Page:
Jason Calacanis: “$3,000?” “No. Add a zero, 30,000.” And you’re just like, “That makes no sense.” And they’re like, “It’s going to be two hours of your time. We don’t want to put you out, Mr. Ferriss.” And you’re like “Can I do it tomorrow too?” It is a mind-blowing experience. I’ve literally just had one of these come in today, some corporate gig. Because All-In‘s gotten so popular, all of a sudden now people want me to speak at a bunch of stuff again. And it’s just the numbers are mind-boggling. And you’re just like, isn’t it very weird how you can go from being an absolute nobody to somebody wanting to give you tens of thousands of dollars to speak for an hour? That really screwed with my mind a lot. Also, because I had a lot of feelings of guilt and stuff about my parents. And I was like, “You’re offering me a speaking gig, which is what my mom or dad made in a year.”

Tim Ferriss: In a year. Yeah. It’s weird.

Jason Calacanis: You also had this — 

Tim Ferriss: Same situation. So weird.

Jason Calacanis: It really does screw with your head and it’s very hard to stay grounded or figure out what’s actually happening, right?

Tim Ferriss: Yeah. Let’s talk about another “Holy shit” moment. And this is January of ’99. You’re offered — 

Jason Calacanis: You’ve got all the moments.

Tim Ferriss: — 20 million, I believe.

Jason Calacanis: It’s a true story.

Tim Ferriss: I’m reading here, this is from Fast Company and it talks about your interaction with — 

Jason Calacanis: Alan Meckler.

Tim Ferriss: I think this was with I think Douglas Rushkoff.

Jason Calacanis: Oh, Doug Rushkoff. My friend in New York. That was another guy who taught me so much. I love Doug.

Tim Ferriss: Walk me through getting this offer, the conversations you had, the decision you made, and then if anything you take from that to this day, if you wouldn’t mind.

Jason Calacanis: The magazine had gotten very big and it became a color glossy. I had almost a hundred people working for me. It was 300 pages and it was during the dot com boom. Talking about 1999 now. So the magazine is doing six, seven, eight million a year. I had done an event or two that started making two or three million. So now I’ve got an $11 million company, I built up my credit cards and I was making, just a couple years earlier, minimum wage to work in the computer room at Fordham, which was $3.50 an hour. And then I was fixing laser printers for $9 an hour. And then I got a job at Amnesty International doing their internal network for $12 an hour. So all of this happens in a very short period of time. And again, for a poor kid from Brooklyn, I’m just trying to navigate it.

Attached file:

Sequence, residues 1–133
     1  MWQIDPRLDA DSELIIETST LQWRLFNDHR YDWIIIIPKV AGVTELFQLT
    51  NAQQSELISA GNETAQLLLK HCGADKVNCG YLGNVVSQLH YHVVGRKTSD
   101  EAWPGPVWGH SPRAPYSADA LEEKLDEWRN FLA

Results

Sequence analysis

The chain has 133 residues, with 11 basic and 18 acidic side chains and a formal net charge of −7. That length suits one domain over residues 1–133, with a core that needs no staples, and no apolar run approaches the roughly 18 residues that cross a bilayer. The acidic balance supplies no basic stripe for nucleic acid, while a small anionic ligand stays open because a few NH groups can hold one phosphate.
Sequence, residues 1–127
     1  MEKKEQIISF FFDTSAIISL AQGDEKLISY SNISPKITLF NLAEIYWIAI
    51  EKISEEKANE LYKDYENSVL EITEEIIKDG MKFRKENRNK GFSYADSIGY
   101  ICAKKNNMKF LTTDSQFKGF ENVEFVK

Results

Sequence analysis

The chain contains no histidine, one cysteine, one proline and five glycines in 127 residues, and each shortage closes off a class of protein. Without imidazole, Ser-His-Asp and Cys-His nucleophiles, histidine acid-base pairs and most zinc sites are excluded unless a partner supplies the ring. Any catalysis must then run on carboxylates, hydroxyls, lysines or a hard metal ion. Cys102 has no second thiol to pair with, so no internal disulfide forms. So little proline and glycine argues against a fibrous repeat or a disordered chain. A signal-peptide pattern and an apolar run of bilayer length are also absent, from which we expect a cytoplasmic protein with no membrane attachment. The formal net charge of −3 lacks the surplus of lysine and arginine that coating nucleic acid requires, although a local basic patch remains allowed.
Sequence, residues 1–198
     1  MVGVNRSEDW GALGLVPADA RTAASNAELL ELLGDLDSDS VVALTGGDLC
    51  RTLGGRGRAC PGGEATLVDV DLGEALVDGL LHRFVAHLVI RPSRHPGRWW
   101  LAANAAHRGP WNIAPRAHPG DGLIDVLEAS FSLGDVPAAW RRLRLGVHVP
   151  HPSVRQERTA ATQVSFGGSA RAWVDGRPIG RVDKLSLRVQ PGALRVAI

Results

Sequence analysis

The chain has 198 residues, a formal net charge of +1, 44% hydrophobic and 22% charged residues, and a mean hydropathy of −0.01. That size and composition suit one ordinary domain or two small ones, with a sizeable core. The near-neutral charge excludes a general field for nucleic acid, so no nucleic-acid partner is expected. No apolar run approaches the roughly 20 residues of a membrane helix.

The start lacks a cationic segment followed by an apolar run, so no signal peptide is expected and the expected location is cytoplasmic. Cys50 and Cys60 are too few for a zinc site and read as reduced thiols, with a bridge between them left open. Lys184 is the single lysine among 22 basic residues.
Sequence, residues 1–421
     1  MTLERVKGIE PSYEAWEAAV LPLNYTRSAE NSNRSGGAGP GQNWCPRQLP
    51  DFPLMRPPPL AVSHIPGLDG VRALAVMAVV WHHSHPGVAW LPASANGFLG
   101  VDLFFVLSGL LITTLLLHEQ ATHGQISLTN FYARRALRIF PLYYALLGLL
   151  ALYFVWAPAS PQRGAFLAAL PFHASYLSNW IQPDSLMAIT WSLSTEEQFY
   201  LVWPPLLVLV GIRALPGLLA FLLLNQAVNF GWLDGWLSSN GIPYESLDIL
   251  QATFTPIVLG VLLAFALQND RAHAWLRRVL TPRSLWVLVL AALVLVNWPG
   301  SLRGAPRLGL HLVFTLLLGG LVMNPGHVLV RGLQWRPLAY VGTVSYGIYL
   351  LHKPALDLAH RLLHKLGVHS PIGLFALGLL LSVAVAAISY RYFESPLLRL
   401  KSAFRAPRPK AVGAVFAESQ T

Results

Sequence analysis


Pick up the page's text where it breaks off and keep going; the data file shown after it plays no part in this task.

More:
And this guy, Alan Meckler had, he took it public, it became worth a billion dollars and he offered me 20 million bucks for Silicon Alley Reporter. But it was my identity and it was making 10 million. And I was like, “I don’t want to give up my identity.” But I thought about it, I said, “If I can clear a million or $2 million a year off the magazine in profits, it’d be the same amount of money. So maybe I wouldn’t do.” And then the dot com bust happens and I lose everything. And I wound up selling the scraps of the business to Dow Jones. And they give me two years of salary and the magazine’s dead. And I get two years at $300,000. It’s maybe five or $600,000 in this employment agreement. And they paid off all the bills because I then had, like my dad, I was in arrears when the magazine collapsed.

If you’ve got a magazine about the internet and the internet collapses, literally not only — 

Tim Ferriss: Tough business.

Jason Calacanis: — not only did I not have any money, all the money that was owed to me never showed up, because all the companies had gone out of business. So I was like, “You owe me for three ads.” They’re like, “Phone number didn’t pick up.” The company was shut down. And so then I show up for work at Dow Jones and they say, “Hey, can we take you for a walk?” It’s middle manager guy. And I’m like, “Sure. Walk? Okay, sure. We’ll go for a walk.” We walk. “Hey, listen, you’re so talented. We don’t think — you being here and you’re so talented.” And I’m like, “Yeah?” And they’re like, “So you should go do something else.” And I’m like, “Are you firing me?” And they’re like, “Yeah, we don’t need your services.” I said, “You just bought my company and the 20…” I had 20 people left and I reassigned them to this other venture capital thing they were doing.

And I said, “You don’t want me, Jason Calacanis, the Silicon Alley Reporter, to work here?” They said, “No.” I said, “I just signed a contract with you for five or $600,000.” They said, “Yeah.” And he pulls out an envelope and he hands me a check for $500,000. He says, “We’re paying out your contract.” Tim, you’re the first person I’ve told these stories to really. This is literally the crazy life I’ve lived. And I am looking at a $500,000 check, which is a extraordinary amount of money, obviously. And the only thing I can think is, “I want to beat the shit out of this guy. You just fucking fired me? You don’t want me. Who went from being a nobody to running New York, being on Charlie Rose, being on the cover of The New York Times, having a New Yorker thing being written about me, just living the peak New York experience.